Disappears – Unstoppable riffs from Chicago

The band, the van

Disappears gets a lot of run for carrying the torch of Krautrock, but there’s more to the Chicago band than that. Behind the metronome-like rhythms and droning riffs is a garage rock energy that shares the rawness of The Fall as much as the calculation of Neu! Following the release of the group’s latest EP, Guider, its original drummer quit. Then Sonic Youth’s Steve Shelley stepped in not only to play the new songs live but to start a new run of deceptively repetitive sounding, absolutely addictive, and just plain ripping music. I caught up with singer, guitarist, and co-founder Brian Case and the crew toward the end of Disappears’ West Coast run with Obits.

Left to right: Damon Carruesco, Steve Shelley, Brian Case

MW: I love how the newest EP is droning but succinct, brainy but not boring. Are those sorts of struggles ongoing for the band or is it pretty effortless for you guys at this point?
BC: It’s taken us a while to learn how to cut the fat from our songs, so to speak, but it’s certainly not effortless yet. That said, the more time we spend writing and working together it becomes easier to see the final song. We usually start with a song crammed with a lot more than it ends up with, just play it over and over and simplify, extract.

MW: One song clocks in at more than 15 minutes, but I feel like any one of the others could have just as easily been expanded upon. Why “Revisiting”?
BC: “Revisiting” was the one song that we hadn’t been playing before we recorded. I think we only played it once, and it was pretty conceptual from the beginning. We wanted to have one side of the album be this piece or whatever–just try and stretch it out and see what happens. It turned out great. We used the first take, and I think we really captured something.

Guitar business in the front (Jonathan Van Herik), party in the back (Brian Case)

MW: There must be a greater appreciation for playing and touring after a band faces a possible demise. Is there a sense of mortality? A feeling of a second chance?
BC: I’ve been in lots of bands. They could end at any moment for any reason, no matter how good or bad things are going. Actually, the last two bands I was in stopped playing when things were going as good as ever! So there’s no sense of mortality or second chance; you just play and hope that people can get along and appreciate the hard work and sacrifices that everyone is making to be a part of something together.

MW: Now that Steve Shelley is in the band, would you say that there are more fans wearing Sonic Youth T-shirts at Disappears shows or ones wearing Crucifucks T-shirts at Sonic Youth shows? (You might have to ask Steve about this.)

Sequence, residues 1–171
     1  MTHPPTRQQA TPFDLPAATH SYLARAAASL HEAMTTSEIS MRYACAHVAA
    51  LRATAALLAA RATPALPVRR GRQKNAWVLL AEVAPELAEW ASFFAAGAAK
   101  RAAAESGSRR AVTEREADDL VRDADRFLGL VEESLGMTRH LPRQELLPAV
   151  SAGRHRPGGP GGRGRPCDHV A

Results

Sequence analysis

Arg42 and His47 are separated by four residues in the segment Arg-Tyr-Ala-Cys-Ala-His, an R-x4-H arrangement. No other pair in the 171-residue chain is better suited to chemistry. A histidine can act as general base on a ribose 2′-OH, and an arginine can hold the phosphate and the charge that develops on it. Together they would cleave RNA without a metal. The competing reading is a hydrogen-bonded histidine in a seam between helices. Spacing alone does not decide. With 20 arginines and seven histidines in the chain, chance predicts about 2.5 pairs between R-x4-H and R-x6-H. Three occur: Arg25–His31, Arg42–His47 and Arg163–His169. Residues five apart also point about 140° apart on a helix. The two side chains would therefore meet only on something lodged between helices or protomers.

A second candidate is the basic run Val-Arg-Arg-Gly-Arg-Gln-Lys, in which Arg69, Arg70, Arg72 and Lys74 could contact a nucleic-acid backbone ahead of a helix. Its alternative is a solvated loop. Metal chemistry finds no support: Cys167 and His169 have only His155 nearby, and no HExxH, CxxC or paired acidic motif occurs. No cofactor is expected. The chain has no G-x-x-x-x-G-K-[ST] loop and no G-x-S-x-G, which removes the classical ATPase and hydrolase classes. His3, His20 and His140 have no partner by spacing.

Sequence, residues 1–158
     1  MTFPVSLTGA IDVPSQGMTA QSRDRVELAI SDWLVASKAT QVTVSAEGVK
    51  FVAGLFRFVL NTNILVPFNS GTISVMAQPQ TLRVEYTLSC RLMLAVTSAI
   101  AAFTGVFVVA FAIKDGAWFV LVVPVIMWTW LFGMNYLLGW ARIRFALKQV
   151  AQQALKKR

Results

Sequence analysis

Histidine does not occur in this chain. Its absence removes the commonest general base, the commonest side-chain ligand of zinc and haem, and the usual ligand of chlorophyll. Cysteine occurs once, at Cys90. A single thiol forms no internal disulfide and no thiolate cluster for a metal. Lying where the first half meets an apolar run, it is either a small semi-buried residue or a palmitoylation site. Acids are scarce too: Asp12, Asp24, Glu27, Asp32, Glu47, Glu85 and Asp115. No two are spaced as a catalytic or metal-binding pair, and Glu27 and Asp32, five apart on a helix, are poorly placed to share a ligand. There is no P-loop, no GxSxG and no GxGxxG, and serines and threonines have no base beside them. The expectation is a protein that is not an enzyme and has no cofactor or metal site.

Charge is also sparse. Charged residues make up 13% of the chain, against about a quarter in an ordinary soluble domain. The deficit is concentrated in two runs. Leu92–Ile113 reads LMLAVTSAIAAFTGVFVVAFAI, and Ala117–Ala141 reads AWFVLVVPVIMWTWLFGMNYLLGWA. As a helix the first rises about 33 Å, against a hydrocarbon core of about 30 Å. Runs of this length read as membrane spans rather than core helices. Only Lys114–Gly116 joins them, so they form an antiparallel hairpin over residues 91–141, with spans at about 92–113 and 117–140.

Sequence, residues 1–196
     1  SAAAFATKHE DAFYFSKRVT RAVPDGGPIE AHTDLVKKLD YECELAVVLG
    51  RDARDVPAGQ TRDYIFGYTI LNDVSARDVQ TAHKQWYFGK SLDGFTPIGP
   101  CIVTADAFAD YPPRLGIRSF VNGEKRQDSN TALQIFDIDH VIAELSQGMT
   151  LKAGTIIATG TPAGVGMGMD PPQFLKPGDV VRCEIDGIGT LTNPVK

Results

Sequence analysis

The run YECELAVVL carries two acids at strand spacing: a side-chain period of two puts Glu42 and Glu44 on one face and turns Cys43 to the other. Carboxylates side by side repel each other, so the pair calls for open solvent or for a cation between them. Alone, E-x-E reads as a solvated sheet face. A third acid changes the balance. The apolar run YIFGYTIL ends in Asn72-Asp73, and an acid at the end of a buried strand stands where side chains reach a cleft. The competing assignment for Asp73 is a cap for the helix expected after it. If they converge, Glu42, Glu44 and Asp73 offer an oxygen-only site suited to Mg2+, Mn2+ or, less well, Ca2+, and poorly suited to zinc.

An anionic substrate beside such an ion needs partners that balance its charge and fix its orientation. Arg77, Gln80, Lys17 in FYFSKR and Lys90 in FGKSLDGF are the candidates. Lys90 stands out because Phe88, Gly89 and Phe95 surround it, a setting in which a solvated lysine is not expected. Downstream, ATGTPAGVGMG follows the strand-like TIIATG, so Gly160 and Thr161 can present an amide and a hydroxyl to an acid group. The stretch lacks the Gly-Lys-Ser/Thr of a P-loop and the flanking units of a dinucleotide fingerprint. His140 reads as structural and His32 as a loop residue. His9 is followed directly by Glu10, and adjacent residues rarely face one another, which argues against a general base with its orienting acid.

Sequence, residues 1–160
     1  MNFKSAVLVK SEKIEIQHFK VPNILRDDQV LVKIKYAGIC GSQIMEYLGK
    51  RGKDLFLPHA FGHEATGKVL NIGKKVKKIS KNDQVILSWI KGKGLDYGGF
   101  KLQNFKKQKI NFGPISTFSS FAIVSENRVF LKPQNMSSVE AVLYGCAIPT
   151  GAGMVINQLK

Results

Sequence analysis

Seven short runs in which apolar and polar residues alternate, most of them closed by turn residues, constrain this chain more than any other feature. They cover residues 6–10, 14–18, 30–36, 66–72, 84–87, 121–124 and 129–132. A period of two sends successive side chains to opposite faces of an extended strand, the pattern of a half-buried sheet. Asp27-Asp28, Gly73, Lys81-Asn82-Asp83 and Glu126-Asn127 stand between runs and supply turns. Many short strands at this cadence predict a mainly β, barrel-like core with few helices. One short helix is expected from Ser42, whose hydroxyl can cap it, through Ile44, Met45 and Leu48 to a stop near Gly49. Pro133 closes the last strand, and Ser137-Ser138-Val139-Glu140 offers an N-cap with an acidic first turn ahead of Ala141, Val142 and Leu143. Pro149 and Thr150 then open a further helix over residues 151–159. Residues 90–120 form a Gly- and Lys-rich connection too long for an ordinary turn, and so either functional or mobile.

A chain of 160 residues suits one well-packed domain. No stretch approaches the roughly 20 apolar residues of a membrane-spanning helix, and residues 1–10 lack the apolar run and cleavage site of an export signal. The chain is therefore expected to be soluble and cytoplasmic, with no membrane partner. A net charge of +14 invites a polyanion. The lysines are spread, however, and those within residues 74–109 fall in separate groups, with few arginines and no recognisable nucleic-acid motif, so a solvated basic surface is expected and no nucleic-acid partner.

BC: Ha ha, I’d have to ask Steve if Crucifucks ever even made shirts! There are definitely people checking out the band based on Steve’s involvement, but most of them seem to be leaving with records so it’s not too bothersome. It’d be silly for us to think that wouldn’t end up happening to some extent.

Stolen flash, someone else's bad

MW: I dig the idea of your live EPs. How do you view them? Time capsules of the band in between albums? Snacks for fans between meals?
BC: We just like getting music out there. I like the idea of not being so precious about every little thing that comes out. The live stuff is fun and easy, and it’s a nice chance to show how songs evolve and get people something that captures a very specific time and place. I suppose it serves as a time capsule of sorts. It also keeps us making music and moving forward, which is really important for us. We try to be really proactive in terms of having new material and trying it out live, so it’s a cool way for us to see the progress as well.

MW: The tour with Obits is a super cool pairing. And then there was the Psychic Paramount. Do you ever tour with shitty bands?
BC: No, we’ve never had to tour with a shitty band. Luckily, we have a say in those things and it’s been great being able to travel and play with friends and bands that we like. We haven’t even done too many shows with bands that suck. I can’t think of any off the top of my head, so they all must have been at least decent.

Disappears at Club Satellite (August 24, 2011)

If you can’t see Disappears with Obits and the Beaters in San Diego at the Casbah tonight, watch them on YouTube and buy the vinyl from Kranky. You can also stalk the band via its webpage and download their earlier works there, as well.